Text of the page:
African CatsCultureCinemaMovie reviews
Disneynature’s feature-film African Cats follows the magnificent lions and cheetahs of the Maasai Mara National Reserve in Kenya, a topic that will be familiar to viewers of the BBC’s popular Big Cat Diary series.
In African Cats, directors Keith Scholey and Alastair Fothergill have created a story-driven wildlife documentary that makes for impressive viewing on the big screen. With a family-friendly narration by Sir Patrick Stewart, nature-lovers will enjoy the stunning cinematography capturing the epic lives of Africa’s powerful felines.
Scholey and Fothergill portray the cats as real characters and focus the storyline on three particular groups filmed over two and a half years; the majestic River Pride ruling south of the Mara River, a rival group of male lions patrolling north of the river and a female cheetah raising her five cubs. The mother cheetah, named Sita, is an especially fearless and devoted parent, protecting her young at every instance even if it means standing down a lion three times her size.
Amazing footage of Sita hunting a gazelle is a highlight of the film, with high-speed cameras recording up to 450 frames per second capturing every minor ripple of muscle in her powerful form as the slow-motion chase unfolds. The technical expertise in filming sequences such as this is astounding.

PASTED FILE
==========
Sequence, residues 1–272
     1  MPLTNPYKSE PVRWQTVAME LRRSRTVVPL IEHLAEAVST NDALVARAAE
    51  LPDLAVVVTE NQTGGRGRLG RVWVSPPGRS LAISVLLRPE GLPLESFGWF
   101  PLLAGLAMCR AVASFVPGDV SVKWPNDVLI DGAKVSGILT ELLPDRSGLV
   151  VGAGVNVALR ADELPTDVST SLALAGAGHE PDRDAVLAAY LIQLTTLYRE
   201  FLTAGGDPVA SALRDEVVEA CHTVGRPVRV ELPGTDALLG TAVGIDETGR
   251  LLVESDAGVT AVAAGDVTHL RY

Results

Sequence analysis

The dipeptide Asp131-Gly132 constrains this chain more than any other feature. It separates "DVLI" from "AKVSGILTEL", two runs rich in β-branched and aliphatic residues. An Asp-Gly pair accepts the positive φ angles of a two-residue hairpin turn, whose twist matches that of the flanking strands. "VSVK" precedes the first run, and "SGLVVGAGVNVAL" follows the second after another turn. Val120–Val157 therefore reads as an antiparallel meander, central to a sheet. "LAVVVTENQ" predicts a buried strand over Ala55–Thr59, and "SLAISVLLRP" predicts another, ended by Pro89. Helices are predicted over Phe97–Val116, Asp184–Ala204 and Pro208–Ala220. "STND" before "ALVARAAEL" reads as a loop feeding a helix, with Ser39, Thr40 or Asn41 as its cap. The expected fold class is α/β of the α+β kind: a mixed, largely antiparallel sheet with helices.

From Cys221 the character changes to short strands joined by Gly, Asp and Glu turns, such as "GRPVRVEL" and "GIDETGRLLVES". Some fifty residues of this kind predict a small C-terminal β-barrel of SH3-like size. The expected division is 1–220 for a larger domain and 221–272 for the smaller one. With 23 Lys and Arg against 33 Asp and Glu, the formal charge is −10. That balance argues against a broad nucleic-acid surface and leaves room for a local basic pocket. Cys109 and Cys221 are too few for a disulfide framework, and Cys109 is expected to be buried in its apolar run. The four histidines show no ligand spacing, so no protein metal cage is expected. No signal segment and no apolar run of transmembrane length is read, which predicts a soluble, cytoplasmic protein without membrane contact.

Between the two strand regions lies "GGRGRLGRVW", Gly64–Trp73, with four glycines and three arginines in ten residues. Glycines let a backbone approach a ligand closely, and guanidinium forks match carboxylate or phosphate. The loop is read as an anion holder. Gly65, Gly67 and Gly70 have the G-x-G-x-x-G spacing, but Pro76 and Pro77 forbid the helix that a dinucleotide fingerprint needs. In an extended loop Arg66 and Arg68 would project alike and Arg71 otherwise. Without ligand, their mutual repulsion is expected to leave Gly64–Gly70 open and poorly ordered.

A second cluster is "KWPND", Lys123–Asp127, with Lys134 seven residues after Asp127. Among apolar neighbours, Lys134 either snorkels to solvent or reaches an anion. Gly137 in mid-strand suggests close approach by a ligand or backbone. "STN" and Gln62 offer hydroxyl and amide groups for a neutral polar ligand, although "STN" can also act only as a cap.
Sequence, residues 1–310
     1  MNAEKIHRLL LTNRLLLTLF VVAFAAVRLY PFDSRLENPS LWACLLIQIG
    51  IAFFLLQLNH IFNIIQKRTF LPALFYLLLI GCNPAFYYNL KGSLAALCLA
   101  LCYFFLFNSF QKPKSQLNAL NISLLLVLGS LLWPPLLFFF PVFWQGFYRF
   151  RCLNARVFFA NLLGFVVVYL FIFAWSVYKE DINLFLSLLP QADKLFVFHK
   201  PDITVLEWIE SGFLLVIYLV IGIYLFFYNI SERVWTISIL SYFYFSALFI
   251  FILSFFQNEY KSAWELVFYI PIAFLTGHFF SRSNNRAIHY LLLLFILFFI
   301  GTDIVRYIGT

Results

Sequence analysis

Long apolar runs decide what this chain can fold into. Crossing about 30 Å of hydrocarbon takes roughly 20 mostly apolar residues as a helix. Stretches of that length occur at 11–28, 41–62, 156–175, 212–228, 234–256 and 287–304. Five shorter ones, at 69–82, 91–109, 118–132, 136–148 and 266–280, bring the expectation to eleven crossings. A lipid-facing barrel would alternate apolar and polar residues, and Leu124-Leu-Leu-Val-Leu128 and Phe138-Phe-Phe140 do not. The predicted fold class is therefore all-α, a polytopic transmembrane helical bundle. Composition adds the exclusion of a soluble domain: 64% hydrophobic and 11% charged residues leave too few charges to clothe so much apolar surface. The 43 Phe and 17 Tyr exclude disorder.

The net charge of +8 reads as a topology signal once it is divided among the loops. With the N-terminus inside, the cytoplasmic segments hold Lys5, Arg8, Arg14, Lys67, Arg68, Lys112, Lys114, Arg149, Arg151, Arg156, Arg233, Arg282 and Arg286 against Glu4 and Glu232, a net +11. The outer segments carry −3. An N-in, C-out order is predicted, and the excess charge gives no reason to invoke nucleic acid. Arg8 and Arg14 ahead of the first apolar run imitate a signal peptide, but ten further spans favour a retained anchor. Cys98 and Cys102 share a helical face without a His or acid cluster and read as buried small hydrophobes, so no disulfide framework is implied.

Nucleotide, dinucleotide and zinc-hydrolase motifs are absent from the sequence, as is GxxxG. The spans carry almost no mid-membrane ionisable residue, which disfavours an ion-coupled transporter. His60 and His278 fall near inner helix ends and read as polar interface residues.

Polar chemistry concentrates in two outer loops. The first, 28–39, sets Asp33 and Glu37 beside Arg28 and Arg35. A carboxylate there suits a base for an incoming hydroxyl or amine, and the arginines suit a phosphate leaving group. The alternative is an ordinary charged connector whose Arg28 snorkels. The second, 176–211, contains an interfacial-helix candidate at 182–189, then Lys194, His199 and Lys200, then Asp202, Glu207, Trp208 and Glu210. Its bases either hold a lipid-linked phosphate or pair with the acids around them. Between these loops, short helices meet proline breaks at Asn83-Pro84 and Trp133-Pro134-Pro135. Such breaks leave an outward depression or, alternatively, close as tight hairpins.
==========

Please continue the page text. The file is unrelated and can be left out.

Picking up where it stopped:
Layla and Mara, a lioness and her cub, are another focus of the documentary. An injury to Layla means her place in the pride is at risk, putting Mara’s survival into question. Fang, leader of the River Pride, is also being threatened by Kali, a striking lion with a black mane, and his fearsome young sons. The real-life dramas of the animal kingdom make compelling viewing.
The team of talented film-makers have gone to great lengths in capturing every detail of these creatures, completely immersing the audience with high-definition close-ups that bring viewers into intimate proximity with the cats. Aerial shots of beautiful landscapes, teeming with wildlife, communicate the vast and unique splendour of the Maasai Mara. Music composed by Nicholas Hooper complements the film perfectly, expressing the drama and emotion of the on-screen action.
It’s the next generation that Disneynature particularly wants to reach with this film, evident in its simplistic narration. Hoping to impress with the raw beauty of the Maasai Mara in order to encourage its future conservation, African Cats is a visual spectacle.
African Cats is on general release from 27th April 2012.
Watch the trailer for African Cats here